The king opened his arms and held the saintly doctor to him.  He kissed his hand and his forehead and asked how his journey had been.

He led him to the head table.
“At last, I have found what patience can bring, this one whose face answers any question, who simply by looking can loosen the knot of intellectual discussion.”

They talked and ate a spirit-meal. Then the king took the doctor to where the girl lay.
The secret of her pain was opened to him, but he didn’t tell the king. It was love, of course.

Love is the astrolabe that sights into the mysteries of God. Earth-love, spirit-love, any love looks into that yonder, but whatever I try to say explaining love is embarassing!

A pen went scribbling along. When it tried to write love it broke.

If you want to expound on love, take your intellect out and let it lie down in the mud. It’s no help.

You want proof that the sun exists, so you stay up all night.
Finally you sleep as the sun comes up.

Look at it!  Nothing is so strange in this world as the sun. The sun of the soul is even more so. It has no yesterday!  The physical sun is unique, but it’s possible to imagine something like it.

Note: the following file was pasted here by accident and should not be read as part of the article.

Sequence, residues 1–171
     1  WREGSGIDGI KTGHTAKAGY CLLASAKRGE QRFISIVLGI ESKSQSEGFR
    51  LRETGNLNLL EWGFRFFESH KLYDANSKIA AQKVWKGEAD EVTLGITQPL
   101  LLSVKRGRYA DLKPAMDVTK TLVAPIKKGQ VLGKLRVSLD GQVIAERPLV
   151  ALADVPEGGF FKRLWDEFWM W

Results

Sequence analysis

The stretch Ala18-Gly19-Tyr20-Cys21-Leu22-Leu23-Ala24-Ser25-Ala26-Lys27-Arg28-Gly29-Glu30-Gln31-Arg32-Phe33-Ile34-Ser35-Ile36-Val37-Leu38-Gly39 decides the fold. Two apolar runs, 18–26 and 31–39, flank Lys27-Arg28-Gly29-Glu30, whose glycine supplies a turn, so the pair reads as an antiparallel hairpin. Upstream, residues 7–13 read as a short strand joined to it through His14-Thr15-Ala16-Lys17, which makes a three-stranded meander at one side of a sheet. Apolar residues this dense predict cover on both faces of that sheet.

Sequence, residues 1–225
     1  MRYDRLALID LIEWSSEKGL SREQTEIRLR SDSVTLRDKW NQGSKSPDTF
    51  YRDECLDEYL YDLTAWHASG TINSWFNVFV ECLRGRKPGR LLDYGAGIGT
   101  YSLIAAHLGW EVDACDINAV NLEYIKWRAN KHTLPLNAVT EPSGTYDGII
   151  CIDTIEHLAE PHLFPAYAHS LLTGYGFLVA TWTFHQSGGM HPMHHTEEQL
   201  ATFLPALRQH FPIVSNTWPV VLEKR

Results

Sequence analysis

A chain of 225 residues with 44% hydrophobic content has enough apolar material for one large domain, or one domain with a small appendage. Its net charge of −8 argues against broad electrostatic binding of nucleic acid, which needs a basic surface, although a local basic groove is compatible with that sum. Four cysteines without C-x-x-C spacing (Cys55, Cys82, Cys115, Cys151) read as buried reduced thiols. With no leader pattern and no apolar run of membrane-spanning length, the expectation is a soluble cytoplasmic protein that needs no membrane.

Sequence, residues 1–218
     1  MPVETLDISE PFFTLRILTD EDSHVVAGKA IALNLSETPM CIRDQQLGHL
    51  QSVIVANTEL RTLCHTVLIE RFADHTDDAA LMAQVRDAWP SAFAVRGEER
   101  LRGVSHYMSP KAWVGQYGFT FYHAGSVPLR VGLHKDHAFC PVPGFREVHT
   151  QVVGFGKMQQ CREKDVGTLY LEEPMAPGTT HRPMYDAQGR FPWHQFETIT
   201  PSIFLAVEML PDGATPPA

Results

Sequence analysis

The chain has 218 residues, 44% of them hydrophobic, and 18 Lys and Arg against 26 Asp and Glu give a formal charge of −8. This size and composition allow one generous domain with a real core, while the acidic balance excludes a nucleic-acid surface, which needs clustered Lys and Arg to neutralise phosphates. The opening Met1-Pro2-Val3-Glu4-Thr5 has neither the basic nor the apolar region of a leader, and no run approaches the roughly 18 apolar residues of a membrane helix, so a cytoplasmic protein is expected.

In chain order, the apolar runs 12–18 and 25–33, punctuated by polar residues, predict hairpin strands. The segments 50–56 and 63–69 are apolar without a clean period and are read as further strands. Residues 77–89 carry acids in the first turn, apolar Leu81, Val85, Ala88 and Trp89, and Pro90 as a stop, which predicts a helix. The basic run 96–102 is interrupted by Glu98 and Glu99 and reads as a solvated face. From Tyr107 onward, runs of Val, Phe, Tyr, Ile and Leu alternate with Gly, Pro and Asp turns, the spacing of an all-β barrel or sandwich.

The spiritual sun has nothing comparable, inner or outer.  Imagination cannot contain it.  Word of that sun, Shams, came, and everything hid.  Now Husam touches my arm. He wants me to say more about Shams.

Not now, Husam. I don’t know how to make words make sense, or praise. In the Friend-place nothing true can be said. Let me just be here.

But Husam begs, “Feed me. Hurry! Time is a sharp downstroke. A Sufi is supposed to be a child of the moment! Aren’t you a Sufi? Don’t say tomorrow or later.”

And I reply, “It’s better that the way of the Friend be concealed in a story. Let the mystery come through what people say around the lovers, not from what lovers say to each other.”